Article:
Two of a Kind

THE COUNTERTOPS ARE BLACK, SHINY, SPOTLESS. The floors are shale tile, and there is brushed aluminum everywhere. It has to be asked: If the shop bathroom looks this nice, what will the car be like? About what you’d expect: The 1958 356 sunroof coupe sitting just outside the door is impossibly black, shiny, and spotless.

A visit to John Willhoit’s Long Beach Porsche restoration and hot-rodding shop can be a little intimidating. There’s no oil or grease — anywhere. That might be why Dick Moran of Orange County, California, has chosen to have Willhoit restore more than a few of the Porsches in his collection. You see, the two appear to be cut from the same cloth…both of them are perfectionists.

When you see one of Willhoit’s cars, there is no denying the quality of the work. And a lot of work went into this one. “This latest addition to Moran’s collection needed to be really special,” Willhoit recalls. Moran bought the coupe because he wanted a closed version of his 1956 ‘GT look’ 356 Speedster (Excellence February 2005). That would take awhile.
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“I reminded John recently that he didn’t have any grandkids when we started the coupe’s restoration,” says Moran. “He now has two, and the oldest one is five years old! This was definitely the longest ‘resto’ we’ve ever done, but it was also the most challenging in making the car look and perform the way it does now.”

The project began in earnest back in 2004, when Willhoit asked Moran a question every Porsche owner dreads. “Do you want the good or the bad news first?” When Willhoit gave his verdict, it wasn’t pretty: “Well, the bad news is we’ve finished taking the ’58 apart, and it’s full of rust. The good news is I have a donor tub to pull sheetmetal from.”

Most people might have asked about moving the project over to the donor tub, but Moran’s coupe was an interesting car. “According to the previous owner, this was the first 356A made with an electric sunroof,” says Willhoit. “He also told me it was the 1958 Paris Auto Show car.” Un­fortu­nately, it had no verifiable history and faded Glacier White paint. Worse, it was in poor condition. Very poor.
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“I paid next to nothing for this car, and I still paid too much,” says Moran with a wink. “It was badly neglected and hadn’t been driven in 40 years. There was so much rust that, when Willhoit finished putting the two 356s together, there wasn’t much left over from either.” Before it was done, the ’58 coupe would undergo a color change and gain one-inch-wider rear fenders in the back, bigger wheels, and a 2.0-liter, fuel-injected flat four.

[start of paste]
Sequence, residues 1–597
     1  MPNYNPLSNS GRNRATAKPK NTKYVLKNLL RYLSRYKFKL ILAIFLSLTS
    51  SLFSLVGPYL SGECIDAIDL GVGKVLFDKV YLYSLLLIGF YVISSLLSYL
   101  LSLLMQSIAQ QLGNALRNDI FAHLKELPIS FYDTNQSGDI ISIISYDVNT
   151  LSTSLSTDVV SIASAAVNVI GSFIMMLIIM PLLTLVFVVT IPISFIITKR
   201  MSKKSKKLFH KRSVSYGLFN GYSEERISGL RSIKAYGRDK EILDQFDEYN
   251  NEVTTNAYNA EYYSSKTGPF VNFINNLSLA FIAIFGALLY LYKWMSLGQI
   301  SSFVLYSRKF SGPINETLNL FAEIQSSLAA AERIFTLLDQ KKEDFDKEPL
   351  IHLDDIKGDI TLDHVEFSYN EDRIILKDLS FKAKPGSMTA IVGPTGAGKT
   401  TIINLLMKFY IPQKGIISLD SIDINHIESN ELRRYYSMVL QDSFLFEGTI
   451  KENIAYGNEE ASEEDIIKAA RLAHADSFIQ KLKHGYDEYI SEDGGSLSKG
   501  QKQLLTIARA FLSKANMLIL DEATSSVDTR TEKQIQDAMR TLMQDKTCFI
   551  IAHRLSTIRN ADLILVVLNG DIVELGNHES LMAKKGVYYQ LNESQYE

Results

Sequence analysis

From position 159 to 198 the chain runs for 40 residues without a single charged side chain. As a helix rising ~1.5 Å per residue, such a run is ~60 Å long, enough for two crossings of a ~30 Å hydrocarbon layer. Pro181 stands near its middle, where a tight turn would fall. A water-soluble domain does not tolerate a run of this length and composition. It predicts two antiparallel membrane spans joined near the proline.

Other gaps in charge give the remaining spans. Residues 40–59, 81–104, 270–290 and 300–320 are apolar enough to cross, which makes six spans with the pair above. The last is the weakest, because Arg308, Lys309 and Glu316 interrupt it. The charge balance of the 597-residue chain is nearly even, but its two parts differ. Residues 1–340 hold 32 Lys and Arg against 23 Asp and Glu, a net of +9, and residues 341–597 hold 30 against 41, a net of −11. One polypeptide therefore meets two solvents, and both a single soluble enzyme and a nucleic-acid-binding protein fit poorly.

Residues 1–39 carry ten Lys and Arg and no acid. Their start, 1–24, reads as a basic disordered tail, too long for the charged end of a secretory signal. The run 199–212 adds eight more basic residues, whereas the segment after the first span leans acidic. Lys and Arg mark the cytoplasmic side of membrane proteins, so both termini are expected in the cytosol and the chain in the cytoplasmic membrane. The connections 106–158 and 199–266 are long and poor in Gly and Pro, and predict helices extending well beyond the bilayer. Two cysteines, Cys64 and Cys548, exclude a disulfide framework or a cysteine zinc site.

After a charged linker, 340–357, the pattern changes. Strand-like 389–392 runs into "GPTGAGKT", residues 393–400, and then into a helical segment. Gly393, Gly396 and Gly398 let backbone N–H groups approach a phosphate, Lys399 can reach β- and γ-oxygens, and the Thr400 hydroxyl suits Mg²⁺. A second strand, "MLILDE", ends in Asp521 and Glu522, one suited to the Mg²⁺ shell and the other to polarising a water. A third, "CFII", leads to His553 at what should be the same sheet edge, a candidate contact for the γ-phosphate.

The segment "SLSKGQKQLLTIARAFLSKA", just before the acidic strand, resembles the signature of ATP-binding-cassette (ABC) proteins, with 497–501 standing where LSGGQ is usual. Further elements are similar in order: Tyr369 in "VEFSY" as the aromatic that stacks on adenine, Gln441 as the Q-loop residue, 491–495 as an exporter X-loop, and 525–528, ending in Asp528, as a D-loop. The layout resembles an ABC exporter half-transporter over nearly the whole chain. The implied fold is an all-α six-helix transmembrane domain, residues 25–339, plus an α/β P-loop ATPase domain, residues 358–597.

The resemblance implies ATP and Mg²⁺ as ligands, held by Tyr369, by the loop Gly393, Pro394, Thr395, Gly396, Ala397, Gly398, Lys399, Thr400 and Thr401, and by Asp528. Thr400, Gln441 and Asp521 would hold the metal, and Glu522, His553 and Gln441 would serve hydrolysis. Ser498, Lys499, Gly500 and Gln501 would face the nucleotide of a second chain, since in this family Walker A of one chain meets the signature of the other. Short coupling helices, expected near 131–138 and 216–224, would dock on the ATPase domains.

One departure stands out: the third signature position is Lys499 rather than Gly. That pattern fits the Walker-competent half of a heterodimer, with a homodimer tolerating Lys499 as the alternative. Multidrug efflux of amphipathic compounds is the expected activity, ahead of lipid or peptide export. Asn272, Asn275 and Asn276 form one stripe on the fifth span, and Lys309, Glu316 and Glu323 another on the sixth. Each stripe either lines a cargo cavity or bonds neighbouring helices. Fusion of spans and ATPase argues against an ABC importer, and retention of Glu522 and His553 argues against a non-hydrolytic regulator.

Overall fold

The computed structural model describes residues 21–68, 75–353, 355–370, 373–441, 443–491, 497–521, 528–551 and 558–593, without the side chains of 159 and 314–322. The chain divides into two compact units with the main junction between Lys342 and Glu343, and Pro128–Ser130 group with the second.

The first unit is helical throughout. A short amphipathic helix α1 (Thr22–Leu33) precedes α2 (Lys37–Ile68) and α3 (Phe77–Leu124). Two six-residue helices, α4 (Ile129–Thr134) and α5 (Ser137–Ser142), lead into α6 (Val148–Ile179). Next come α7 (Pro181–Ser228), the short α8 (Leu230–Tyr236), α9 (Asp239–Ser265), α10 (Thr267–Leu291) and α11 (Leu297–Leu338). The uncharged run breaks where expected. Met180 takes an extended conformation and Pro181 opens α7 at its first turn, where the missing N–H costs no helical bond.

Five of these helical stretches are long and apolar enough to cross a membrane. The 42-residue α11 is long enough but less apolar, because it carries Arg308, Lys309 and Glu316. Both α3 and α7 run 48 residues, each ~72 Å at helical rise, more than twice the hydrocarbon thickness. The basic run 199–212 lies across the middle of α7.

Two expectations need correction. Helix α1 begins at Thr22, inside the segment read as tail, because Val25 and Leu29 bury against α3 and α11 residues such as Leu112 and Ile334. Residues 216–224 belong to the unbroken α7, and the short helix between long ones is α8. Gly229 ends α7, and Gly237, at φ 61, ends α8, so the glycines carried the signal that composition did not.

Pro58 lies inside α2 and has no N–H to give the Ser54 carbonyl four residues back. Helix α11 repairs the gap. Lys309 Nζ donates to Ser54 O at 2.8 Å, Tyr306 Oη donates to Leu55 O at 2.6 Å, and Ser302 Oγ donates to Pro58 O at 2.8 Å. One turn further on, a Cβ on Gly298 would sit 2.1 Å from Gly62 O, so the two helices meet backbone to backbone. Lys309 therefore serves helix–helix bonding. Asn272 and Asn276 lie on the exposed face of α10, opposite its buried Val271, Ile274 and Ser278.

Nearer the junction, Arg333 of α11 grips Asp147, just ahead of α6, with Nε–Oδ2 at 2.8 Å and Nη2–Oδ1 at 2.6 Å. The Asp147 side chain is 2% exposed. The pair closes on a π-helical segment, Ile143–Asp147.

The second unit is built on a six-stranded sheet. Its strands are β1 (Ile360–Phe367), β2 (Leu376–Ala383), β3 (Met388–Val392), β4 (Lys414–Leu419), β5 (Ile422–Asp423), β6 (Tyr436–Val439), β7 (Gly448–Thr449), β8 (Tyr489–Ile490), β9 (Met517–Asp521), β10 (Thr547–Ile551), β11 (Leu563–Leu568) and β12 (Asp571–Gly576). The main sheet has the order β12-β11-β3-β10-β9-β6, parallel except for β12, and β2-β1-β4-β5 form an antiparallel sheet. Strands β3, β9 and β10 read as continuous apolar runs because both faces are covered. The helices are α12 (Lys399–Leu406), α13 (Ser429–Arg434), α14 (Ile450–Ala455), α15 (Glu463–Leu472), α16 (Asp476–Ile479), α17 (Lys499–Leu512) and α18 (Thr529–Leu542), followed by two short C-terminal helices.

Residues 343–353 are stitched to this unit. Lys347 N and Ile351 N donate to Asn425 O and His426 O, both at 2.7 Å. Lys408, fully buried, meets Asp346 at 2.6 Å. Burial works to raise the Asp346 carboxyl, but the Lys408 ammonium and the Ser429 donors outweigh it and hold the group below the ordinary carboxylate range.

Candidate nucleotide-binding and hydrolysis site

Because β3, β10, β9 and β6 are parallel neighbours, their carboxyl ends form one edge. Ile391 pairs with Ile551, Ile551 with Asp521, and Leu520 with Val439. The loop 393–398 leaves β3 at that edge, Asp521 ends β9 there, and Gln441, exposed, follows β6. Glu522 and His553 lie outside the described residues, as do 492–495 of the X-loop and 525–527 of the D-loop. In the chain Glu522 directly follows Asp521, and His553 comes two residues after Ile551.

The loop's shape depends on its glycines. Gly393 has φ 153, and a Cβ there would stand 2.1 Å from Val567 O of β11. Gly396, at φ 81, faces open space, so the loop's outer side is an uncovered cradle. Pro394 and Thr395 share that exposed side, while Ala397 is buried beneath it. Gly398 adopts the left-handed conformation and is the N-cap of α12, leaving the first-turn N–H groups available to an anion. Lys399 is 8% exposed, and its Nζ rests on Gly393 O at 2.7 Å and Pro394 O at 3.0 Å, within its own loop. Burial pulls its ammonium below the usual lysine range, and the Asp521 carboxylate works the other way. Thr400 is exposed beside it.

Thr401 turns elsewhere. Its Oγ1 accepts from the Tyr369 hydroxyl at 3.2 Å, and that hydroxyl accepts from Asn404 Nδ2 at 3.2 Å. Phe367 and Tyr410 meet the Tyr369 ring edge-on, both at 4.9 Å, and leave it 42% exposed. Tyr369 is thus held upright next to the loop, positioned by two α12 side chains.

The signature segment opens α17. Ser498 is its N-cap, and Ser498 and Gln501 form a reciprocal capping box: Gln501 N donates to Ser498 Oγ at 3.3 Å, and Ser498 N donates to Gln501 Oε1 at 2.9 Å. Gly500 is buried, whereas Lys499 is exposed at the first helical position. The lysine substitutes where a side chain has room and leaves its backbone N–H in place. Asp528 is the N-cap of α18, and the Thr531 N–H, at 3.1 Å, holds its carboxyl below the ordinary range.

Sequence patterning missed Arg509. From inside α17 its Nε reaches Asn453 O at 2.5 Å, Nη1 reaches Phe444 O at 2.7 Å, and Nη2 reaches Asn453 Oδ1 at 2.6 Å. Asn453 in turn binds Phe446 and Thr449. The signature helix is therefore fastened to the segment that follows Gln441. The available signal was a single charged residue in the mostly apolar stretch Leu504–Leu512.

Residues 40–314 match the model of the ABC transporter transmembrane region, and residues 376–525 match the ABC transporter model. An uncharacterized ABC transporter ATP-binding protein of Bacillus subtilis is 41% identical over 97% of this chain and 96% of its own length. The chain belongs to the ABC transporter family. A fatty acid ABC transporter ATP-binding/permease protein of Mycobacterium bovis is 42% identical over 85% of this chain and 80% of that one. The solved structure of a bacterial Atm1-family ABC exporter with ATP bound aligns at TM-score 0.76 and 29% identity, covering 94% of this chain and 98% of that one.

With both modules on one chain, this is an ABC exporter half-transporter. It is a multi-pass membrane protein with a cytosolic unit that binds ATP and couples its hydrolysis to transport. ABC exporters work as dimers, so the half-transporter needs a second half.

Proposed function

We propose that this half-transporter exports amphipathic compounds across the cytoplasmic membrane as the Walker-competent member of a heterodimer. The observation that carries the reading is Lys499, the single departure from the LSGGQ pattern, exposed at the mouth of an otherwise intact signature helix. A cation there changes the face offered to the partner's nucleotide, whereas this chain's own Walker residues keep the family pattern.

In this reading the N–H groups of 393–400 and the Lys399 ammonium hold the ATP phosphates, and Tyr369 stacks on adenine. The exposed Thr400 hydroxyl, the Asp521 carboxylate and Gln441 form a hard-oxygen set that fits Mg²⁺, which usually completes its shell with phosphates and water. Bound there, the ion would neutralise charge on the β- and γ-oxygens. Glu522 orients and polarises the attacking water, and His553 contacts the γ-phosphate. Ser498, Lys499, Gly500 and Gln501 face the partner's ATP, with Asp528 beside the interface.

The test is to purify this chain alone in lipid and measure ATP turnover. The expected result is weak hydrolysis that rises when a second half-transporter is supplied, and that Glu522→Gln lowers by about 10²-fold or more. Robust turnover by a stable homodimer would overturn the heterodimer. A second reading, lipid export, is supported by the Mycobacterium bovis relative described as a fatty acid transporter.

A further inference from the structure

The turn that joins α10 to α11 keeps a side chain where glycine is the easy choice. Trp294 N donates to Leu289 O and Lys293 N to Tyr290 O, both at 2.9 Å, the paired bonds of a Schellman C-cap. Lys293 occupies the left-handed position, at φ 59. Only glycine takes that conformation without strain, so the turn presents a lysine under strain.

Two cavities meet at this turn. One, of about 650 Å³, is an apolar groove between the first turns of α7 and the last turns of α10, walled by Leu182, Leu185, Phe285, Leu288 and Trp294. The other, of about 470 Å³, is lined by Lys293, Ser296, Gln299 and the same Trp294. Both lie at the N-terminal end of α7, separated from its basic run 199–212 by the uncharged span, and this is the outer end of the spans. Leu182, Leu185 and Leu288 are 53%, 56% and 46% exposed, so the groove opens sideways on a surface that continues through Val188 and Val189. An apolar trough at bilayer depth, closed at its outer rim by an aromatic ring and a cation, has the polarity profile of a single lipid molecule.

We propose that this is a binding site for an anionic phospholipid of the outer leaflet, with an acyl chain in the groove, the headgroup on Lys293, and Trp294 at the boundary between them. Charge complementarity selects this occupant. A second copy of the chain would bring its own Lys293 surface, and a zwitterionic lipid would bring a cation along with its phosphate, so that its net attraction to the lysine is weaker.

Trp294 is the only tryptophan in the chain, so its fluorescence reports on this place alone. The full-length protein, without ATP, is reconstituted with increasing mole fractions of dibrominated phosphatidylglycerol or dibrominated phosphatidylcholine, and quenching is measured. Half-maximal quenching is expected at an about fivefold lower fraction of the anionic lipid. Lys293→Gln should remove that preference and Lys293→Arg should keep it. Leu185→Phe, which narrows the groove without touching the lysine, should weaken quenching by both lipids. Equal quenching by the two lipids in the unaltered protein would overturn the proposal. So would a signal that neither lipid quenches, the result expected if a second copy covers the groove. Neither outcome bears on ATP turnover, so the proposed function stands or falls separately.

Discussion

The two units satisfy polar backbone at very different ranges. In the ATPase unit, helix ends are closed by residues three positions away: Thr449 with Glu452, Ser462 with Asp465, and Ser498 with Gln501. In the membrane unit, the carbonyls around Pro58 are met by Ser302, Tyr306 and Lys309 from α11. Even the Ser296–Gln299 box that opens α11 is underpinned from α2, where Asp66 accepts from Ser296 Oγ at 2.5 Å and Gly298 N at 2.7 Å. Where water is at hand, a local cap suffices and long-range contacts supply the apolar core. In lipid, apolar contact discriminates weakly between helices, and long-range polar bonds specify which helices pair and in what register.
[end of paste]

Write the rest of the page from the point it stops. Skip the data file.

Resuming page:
Larger engine? Flared body? Widened wheels? What’s the goal with this thing, anyway? you might be asking. Think 356 Outlaw with a 2,500-hour body, many real GT parts, and a powerplant putting out 170 hp at nearly 7000 rpm. Think GT3-ish 356. While the project evolved over eight years, one thing was decided early on: The ’58 coupe would be painted factory Black, just like Moran’s hot-rod ’56 Speedster.

For Moran, there’s always been something special about a black Porsche, and he’s owned more than a dozen in the past 30 years. “Black has been my favorite color since I was kid,” he states flatly. “I wore black uniforms all through school and have only black clothes now. My first Por­sche was a Black 911 SC. The next model I owned was a 911 Turbo I ordered new in 1986. It just had to be Black on Black with a Black headliner.”
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Before any black paint could be applied to the 356, however, Willhoit had to cut out all the rusty pieces and match good sections from the donor tub. He also reinforced the coupe’s longitudinals, as he does with most of the 356s he restores. That part went fairly easily, but the coupe’s sunroof was another story.

“An original ‘electric’ sunroof-optioned 356A coupe is a very rare car,” says Will­hoit. “It’s quite interesting because it uses the switch found on later 356B T6 cars, but, in this case, it’s mounted on the dash. The motor is a giant thing located in the en­gine compartment. It pulls cables in tubes to open and close the roof, much like an early 911. There are only a handful of cars with this type of roof, and this is the only 356A I have seen with one. It was a real adventure getting it to work properly.”